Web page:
Another object is to provide an electronic switching means which will apply to a single line successively and repeatedly and with great rapidity the outputs of a plurality of circuits. A further object is to provide a stairwave or stepwave generator and means for counting the steps of the generator and resetting the circuit after a predetermined number of steps have been completed.

It is also an object of the invention to use a so-called ring circuit of gas-filled triodes, and to provide means for inhibiting the firing of more than one such tube at a time.

A still further object is the provision of means by which two associated ring circuits may be started and maintained in perfect predetermined time-phase with each other.

It is also an object of the invention to provide with a circuit the output of which is normally a wave form with undesirable voltage peaks means for eliminating the said voltage peaks.

Another object of the invention is the provision of a simple and effective electronic voltage regulator.

Additional objects of the invention will be apparent from a reading of the following specifications and claims.

In the drawings: Figure 1 is a block diagram of the analyzer of my invention. The approximate wave forms are indicated beside the pertinent leads.

Figure 2 is a typical pattern such as appears on the screen of the cathode-ray tube.

Figure 3 is a circuit diagram of a typical bandpass filter channel.

Figure 4 is a circuit diagram of the low-pass channel.

Figure 5 is a circuit diagram of the high-pass channel.

Figure 6 is a circuit diagram of the all-pass channel.

Figure 7 shows the response curves of the lowpass, the twenty-five band-pass, and the highpass filter channels.

Figure 8 shows the response curve of the allpass channel.

Figure 9 is a diagram of the switching circuits.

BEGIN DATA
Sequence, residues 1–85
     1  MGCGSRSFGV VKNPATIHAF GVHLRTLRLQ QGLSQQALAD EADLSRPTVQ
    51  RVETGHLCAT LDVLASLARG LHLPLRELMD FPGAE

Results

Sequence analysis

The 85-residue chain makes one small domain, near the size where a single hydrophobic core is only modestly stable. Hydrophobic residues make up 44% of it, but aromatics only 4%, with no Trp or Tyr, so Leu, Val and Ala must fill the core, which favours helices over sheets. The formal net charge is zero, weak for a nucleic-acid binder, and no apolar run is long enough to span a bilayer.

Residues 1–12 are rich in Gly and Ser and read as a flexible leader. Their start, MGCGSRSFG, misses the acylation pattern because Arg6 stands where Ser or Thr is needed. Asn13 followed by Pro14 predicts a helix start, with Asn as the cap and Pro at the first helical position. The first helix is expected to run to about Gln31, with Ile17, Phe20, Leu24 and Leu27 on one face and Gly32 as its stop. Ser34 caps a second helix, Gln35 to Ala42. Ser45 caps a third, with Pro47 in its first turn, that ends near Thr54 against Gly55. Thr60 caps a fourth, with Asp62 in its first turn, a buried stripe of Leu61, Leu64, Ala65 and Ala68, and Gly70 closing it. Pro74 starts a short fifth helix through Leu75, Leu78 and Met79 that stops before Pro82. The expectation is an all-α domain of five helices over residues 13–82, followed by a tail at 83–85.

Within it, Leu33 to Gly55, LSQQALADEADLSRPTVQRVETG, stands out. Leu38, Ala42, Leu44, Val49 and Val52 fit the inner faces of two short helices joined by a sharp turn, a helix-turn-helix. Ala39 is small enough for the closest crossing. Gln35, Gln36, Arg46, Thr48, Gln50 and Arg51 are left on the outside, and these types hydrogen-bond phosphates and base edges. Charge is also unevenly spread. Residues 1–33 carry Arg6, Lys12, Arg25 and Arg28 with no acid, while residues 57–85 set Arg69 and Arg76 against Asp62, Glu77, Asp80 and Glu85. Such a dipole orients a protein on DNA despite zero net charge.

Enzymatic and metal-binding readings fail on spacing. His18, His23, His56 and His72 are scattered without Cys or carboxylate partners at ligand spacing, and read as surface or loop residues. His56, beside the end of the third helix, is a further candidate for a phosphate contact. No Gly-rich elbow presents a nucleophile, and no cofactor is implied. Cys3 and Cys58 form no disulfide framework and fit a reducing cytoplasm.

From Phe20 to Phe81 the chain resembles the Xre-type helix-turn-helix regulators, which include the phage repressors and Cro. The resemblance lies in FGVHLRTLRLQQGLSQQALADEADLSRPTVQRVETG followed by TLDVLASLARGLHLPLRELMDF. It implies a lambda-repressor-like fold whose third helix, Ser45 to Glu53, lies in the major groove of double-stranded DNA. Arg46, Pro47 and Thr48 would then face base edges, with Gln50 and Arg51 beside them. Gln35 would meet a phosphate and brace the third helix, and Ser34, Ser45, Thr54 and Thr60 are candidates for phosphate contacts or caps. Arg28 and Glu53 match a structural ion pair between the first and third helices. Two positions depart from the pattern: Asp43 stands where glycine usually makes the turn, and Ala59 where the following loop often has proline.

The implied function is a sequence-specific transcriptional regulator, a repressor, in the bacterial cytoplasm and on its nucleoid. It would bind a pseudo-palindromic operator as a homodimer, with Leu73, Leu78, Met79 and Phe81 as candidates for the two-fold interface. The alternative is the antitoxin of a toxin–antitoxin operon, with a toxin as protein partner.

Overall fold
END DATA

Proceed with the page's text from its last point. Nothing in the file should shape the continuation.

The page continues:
Figure 10 is a diagram of the output circuit.

Figure 11 illustrates the timing circuits.

Figure 12 is a diagram of the filter power supply circuit.

Figure 13 is a diagram of the main power supply.

Figure 14 illustrates one form of the electronic voltage regulator of my invention.

Figure 15 shows a modification of the voltage regulator of Figure 14.

GENERAL DESCRIPTION With reference to the block diagram of Figure 1, it is the function of the acoustic analyzer of this invention to receive a signal of complex wave form, to resolve this signal into components falling within definite frequency bands, and to indicate the relative values of these components.

The quantity with which the instrument deals is voltage per unit frequency interval, integrated over the respective frequency bands and averaged in some fashion over time.

This is accomplished in the following manner: A signal obtained from a microphone or other source is applied simultaneously to a parallel arrangement of twenty-eight filter channels. Of these channels, twenty-five contain band-pass filters corresponding to the desired components, one contains a low-pass filter, and one, a highpass filter; the latter two cover components well below twenty-five and well above ten thousand cycles per second. The remaining channel has an essentially flat frequency characteristic for picking up and averaging sounds over the whole useful range of the analyzer.

Each channel contains an amplifier and a signal rectifier. These, as well as some other elements mentioned in the general description do not appear in the block diagram of Figure 1 as elements. They will be found in subsequent figures and will be described in connection therewith. The output of the rectifier is applied to a condenser and shunt resistance having a time constant of approximately 0.2 second. The voltage appearing across the condenser is proportional to the vector sum of the voltage amplitudes of the components of the input signal lying within the frequency limits of the associated channel, and this voltage determines the output signal of each filter channel.

By means of a novel switch the output of each of the twenty-eight channels is successively applied sixty time per second to a common line.

There are thirty stei::; i-1 the switch, so that each channel is connected for an interval of 1/1oo second. The two extra steps (there being but twenty-eight channels) are required for synchronization and are normally blank. The common output line leads through another network to the vertical deflecting plates of a cathode-ray tube. The switch is also used to count the steps of a stairwave (also known as "stepwave") generator and to reset this circuit after thirty steps have been completed. The timing of the switch is controlled by a master point pulse oscillator.